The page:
Formula



[fawr-myuh-luh] /ˈfɔr myə lə/

noun, plural formulas, formulae
[fawr-myuh-lee] /ˈfɔr myəˌli/ (Show IPA)
1.
a set form of words, as for stating or declaring something definitely or authoritatively, for indicating procedure to be followed, or for prescribed use on some ceremonial occasion.
2.
any fixed or conventional method for doing something:
His mystery stories were written according to a popular formula.
3.
Mathematics.

4.
Chemistry. an expression of the constituents of a compound by symbols and figures.
Compare , , .
5.
a recipe or prescription:
a new formula for currant wine.
6.
a special nutritive mixture, especially of milk, sugar, and water, in prescribed proportions for feeding a baby.
7.
a formal statement of religious doctrine.
8.
(initial capital letter) a set of specifications as to weight, engine displacement, fuel capacity, etc., for defining a class of racing cars (usually followed by a limiting numerical designation):
Some races are open to Formula One cars.
/ˈfɔːmjʊlə/
noun (pl) -las, -lae (-ˌliː)
1.
an established form or set of words, as used in religious ceremonies, legal proceedings, etc
2.
(maths, physics) a general relationship, principle, or rule stated, often as an equation, in the form of symbols
3.
(chem) a representation of molecules, radicals, ions, etc, expressed in the symbols of the atoms of their constituent elements See molecular formula, empirical formula, structural formula
4.

5.

6.
(motor racing) the specific category in which a particular type of car competes, judged according to engine size, weight, and fuel capacity
n.

1630s, “words used in a ceremony or ritual,” from Latin formula “form, draft, contract, regulation; rule, method, formula,” literally “small form,” diminutive of forma “form” (see form (n.)).

Modern sense is colored by Carlyle’s use (1837) of the word for “rule slavishly followed without understanding” [OED].

Men who try to speak what they believe, are naked men fighting men quilted sevenfold in formulae. [Charles Kingsley, “Letters,” 1861]

Mathematical use is from 1796; use in chemistry is from c.1846.

formula for·mu·la (fôr’myə-lə)
n. pl. for·mu·las or for·mu·lae (-lē’)

formula
(fôr’myə-lə)
Plural formulas or formulae (fôr’myə-lē’)

1. In logic, a sequence of symbols representing terms, predicates, connectives and quantifiers which is either true or false.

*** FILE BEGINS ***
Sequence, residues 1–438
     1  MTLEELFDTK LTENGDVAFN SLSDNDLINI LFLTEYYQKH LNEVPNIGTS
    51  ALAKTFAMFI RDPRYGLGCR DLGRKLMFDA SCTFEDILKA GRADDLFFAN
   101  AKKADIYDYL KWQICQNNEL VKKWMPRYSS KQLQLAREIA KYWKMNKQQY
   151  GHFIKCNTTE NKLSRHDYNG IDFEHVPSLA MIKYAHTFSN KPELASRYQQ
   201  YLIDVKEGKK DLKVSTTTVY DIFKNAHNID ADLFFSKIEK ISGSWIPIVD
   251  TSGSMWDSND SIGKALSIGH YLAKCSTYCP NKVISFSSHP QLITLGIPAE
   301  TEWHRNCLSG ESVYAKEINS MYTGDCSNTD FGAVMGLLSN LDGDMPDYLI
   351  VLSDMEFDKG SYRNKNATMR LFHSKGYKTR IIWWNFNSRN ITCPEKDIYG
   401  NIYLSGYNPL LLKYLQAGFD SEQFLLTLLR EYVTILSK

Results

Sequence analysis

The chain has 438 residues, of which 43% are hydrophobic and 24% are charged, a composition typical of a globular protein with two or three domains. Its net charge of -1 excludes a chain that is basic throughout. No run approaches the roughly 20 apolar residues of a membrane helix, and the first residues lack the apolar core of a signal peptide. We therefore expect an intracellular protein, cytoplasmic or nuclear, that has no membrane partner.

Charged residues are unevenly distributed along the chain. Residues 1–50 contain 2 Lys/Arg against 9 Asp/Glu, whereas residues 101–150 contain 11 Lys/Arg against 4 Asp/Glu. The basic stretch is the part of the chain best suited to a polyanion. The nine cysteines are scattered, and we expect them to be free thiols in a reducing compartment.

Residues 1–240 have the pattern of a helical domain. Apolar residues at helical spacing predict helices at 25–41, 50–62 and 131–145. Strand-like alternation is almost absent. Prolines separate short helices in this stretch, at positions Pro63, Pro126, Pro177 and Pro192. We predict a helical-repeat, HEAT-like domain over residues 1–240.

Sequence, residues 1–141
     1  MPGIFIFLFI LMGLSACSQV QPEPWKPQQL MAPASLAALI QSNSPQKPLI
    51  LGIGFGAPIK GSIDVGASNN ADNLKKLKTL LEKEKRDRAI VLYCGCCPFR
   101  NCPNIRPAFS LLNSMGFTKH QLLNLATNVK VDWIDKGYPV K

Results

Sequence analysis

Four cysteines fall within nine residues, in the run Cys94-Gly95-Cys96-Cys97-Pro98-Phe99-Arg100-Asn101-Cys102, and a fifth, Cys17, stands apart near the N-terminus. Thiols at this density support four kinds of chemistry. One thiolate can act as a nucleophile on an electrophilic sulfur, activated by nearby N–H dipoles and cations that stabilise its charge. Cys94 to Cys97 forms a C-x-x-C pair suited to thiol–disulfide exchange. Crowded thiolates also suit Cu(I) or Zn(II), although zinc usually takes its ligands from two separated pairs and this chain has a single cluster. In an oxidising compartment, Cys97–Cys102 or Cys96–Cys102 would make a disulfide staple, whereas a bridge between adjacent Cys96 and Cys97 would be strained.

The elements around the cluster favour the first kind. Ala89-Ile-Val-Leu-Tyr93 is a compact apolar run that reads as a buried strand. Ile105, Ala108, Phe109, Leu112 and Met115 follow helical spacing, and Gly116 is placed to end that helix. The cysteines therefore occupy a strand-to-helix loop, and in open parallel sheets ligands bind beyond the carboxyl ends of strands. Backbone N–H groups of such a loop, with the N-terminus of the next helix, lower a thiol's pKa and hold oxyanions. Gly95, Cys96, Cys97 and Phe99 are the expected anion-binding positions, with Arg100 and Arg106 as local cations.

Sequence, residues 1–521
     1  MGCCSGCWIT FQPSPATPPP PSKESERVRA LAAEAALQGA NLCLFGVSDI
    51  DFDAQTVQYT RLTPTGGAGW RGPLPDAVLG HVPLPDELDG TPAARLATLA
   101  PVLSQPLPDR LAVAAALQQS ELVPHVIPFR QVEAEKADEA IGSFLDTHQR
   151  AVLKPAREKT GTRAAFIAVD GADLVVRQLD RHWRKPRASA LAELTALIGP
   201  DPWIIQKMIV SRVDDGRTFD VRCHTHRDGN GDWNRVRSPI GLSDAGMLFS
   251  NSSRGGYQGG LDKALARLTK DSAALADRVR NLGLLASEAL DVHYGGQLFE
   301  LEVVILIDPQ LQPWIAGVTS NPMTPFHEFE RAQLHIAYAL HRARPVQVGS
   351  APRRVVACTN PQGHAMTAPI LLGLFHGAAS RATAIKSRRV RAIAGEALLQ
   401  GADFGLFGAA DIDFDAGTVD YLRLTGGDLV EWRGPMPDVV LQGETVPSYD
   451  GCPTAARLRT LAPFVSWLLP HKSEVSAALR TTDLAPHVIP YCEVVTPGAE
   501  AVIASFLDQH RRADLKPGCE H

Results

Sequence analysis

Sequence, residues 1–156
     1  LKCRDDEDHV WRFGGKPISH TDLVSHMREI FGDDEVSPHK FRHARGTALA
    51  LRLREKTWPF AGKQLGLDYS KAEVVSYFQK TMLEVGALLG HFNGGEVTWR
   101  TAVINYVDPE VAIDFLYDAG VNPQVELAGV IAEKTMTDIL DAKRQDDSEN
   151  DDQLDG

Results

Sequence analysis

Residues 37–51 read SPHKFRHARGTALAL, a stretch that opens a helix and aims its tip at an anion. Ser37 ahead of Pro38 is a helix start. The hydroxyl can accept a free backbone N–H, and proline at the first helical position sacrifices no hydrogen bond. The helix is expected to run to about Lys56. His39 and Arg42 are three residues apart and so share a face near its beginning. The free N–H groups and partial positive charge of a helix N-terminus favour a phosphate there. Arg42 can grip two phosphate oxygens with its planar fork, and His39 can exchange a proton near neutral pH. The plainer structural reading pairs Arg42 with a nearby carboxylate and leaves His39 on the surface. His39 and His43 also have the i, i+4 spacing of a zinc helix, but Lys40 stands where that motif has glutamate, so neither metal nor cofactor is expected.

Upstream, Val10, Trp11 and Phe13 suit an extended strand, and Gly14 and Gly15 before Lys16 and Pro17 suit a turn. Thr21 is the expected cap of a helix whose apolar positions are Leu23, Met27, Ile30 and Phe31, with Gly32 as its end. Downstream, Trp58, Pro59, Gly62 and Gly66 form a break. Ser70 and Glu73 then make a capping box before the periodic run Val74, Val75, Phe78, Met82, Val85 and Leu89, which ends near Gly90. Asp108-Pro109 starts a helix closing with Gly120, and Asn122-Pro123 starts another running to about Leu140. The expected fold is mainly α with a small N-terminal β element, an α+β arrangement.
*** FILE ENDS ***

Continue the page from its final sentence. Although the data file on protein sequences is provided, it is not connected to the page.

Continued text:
2. FORTH Music Language. An extension of FORTH with concurrent note-playing processes. Runs on Macintosh and Atari ST with MIDI output.
[“Formula: A Programming Language for Expressive Computer Music”, D.P. Anderson et al Computer 24(7):12 (Jul 1991)].
3. Preprocessor language for the Acorn Archimedes, allowing inline high-level statements to be entered in an assembly program. Written in nawk.

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    An ALGOL extension for symbolic mathematics, strings and lists, developed by A.J. Perlis and R. Iturriaga at Carnegie for the CDC G-20 in 1962. [“An Extension of ALGOL for Manipulating Formulae”, A.J. Perlis et al, CACM 7(2):127-130 (Feb 1964)]. [Sammet 1969, p. 583]. (1995-02-15)

  • Formulae

    [fawr-myuh-luh] /ˈfɔr myə lə/ noun, plural formulas, formulae [fawr-myuh-lee] /ˈfɔr myəˌli/ (Show IPA) 1. a set form of words, as for stating or declaring something definitely or authoritatively, for indicating procedure to be followed, or for prescribed use on some ceremonial occasion. 2. any fixed or conventional method for doing something: His mystery stories were […]



  • Formulaic

    [fawr-myuh-ley-ik] /ˌfɔr myəˈleɪ ɪk/ adjective 1. made according to a ; composed of : a formulaic plot. 2. being or constituting a : formulaic instructions. adj. 1882, from formula + -ic.

  • Formulaically

    [fawr-myuh-ley-ik] /ˌfɔr myəˈleɪ ɪk/ adjective 1. made according to a ; composed of : a formulaic plot. 2. being or constituting a : formulaic instructions. adj. 1882, from formula + -ic.



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